Having previously worked with Kevin Milkey on another project, Carrie jumped at the chance to work with him again on the Grand Central Brewhouse wall. Her design, concept and proposal won Kevin over, and Carrie was awarded the project.
As with all of her paintings, Carrie put a lot of thought into the meaning behind her concept for the Grand Central Brewhouse mural. She knew she wanted to incorporate a local dog, and asked her friend and fellow artist Marianne Wysocki if her dog Bodhi could be the subject. “Bodhi is somewhat of a local celebrity,” said Carrie, smiling.
The title of her mural is “Awakening Bodhisattva.” It’s a double entendre, explained Carrie. In the artist’s rendering, Bodhi is waking up. The definition of Bodhisattva is, “A Being who is able to reach nirvana but delays doing so out of compassion in order to save suffering beings.”
“Bodhi is a very Zen being,” said Carrie, who used a photograph of Bodhi to paint the original small version which she uses as a guide to paint the mural. She estimates it will take a total of two weeks to complete the mural.
Homer, Carrie’s own dog, has been coming along with her while she works on the project, which she began on Wednesday, August 12. Homer watches in the shade, a bowl of water by his side, as Carrie commandeers the motorized scaffolding 30 feet up to begin painting. He whimpers as he watches her go up and away from him.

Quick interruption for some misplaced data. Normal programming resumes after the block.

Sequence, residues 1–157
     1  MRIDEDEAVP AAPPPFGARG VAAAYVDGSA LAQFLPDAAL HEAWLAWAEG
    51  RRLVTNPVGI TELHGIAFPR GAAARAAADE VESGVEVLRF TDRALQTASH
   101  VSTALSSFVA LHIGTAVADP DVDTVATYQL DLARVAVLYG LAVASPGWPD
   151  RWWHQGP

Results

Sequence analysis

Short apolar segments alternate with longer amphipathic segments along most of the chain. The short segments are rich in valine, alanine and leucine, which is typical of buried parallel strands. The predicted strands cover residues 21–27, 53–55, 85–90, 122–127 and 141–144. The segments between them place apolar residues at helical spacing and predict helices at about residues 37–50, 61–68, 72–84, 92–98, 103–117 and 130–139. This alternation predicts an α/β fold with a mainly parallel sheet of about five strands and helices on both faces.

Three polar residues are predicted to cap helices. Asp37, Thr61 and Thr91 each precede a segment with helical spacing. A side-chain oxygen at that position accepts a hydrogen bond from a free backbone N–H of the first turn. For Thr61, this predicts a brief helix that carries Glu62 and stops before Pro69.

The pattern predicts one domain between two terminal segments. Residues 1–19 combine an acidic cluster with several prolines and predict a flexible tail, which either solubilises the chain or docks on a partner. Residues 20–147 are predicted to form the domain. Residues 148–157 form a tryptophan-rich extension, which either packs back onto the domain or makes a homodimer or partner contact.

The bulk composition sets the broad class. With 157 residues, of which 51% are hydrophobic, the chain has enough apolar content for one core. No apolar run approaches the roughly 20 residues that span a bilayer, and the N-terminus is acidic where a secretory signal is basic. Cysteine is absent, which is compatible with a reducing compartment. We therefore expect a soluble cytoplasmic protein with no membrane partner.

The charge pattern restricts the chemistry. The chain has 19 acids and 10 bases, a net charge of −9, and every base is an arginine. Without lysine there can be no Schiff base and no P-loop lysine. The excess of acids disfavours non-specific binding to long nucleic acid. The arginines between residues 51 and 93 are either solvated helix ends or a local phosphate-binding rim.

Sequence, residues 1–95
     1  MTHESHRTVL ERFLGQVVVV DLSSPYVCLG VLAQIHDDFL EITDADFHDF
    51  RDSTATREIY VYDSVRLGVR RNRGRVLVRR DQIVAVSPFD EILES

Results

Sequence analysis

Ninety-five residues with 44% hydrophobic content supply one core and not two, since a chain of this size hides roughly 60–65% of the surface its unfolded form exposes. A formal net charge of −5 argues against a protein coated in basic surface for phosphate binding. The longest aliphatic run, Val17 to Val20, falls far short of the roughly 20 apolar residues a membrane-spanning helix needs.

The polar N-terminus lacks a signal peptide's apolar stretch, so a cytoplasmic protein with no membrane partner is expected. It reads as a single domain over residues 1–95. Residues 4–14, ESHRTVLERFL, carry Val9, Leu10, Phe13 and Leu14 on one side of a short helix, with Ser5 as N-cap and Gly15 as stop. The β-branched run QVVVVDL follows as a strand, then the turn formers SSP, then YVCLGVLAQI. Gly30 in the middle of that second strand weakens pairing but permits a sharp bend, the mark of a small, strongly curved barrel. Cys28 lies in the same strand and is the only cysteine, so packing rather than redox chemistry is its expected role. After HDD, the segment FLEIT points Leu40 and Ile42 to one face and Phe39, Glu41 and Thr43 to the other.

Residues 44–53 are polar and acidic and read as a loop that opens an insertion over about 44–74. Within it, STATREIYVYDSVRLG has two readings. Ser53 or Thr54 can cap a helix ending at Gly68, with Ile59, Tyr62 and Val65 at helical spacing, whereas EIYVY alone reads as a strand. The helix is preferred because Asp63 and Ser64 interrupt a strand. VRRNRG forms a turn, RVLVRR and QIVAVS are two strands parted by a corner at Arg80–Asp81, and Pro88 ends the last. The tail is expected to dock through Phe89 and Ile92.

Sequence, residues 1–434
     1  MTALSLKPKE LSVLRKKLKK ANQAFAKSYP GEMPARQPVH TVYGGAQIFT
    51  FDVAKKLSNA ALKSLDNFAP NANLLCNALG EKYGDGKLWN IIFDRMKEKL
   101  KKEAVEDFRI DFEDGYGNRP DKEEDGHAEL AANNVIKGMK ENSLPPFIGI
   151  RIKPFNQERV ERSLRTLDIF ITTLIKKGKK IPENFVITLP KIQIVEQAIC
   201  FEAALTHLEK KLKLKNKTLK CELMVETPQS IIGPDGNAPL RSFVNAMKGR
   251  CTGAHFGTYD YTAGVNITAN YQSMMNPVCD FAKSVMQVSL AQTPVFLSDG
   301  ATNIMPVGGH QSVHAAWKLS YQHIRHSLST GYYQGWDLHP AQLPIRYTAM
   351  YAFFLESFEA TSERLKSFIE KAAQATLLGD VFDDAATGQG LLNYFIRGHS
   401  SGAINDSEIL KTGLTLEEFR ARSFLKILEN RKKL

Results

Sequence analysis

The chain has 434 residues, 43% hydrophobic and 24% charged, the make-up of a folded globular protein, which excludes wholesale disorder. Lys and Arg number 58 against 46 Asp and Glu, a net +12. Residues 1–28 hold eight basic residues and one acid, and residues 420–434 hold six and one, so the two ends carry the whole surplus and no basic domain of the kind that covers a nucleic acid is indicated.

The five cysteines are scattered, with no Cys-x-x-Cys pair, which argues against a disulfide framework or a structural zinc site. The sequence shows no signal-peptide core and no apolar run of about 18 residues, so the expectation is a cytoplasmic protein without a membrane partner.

“It’s always kind of scary going up the first day. I’m wobbling around in it a bit. But, I get used to it. In the evenings, though, my legs are still a bit wobbly, much like the feeling of rocking and swaying after being on a boat.”
Carrie will remain up in the scaffold, painting for three hours at a time, coming down only occasionally to check on her work’s perspective. It’s very abstract painting on such a large canvas that happens to be the wall on the side of a building.
“I have to focus on one spot of the painting at a time and trust the small scale painting I’m working from to transpose the image on the wall,” she said. Still, there is doubt sometimes, especially working so close to the painting. In her studio, Carrie explained, she is able to step back to look at a painting. Working from a scaffold so high up, it’s not productive to keep going up and down to check her work. When she does come down to see the progress, she’s always surprised by what she sees.
Life has always been unpredictable. The pandemic has made us all more acutely aware of this. “All we have is right now; this moment,” reiterated Fred Metzler.
To be able to do something that continues to positively surprise us every single day is the one gift we should give ourselves. “Painting is my favorite thing to do in the world,” Carrie told me. “I can’t even think of a better life.”
Below are photos of Carrie working on the mural at Grand Central Brewhouse. Also check out St. Petersburg, Florida’s 90+ SHINE Murals from your phone or computer by clicking this link to St. Pete Arts Alliance Shine Mural Festival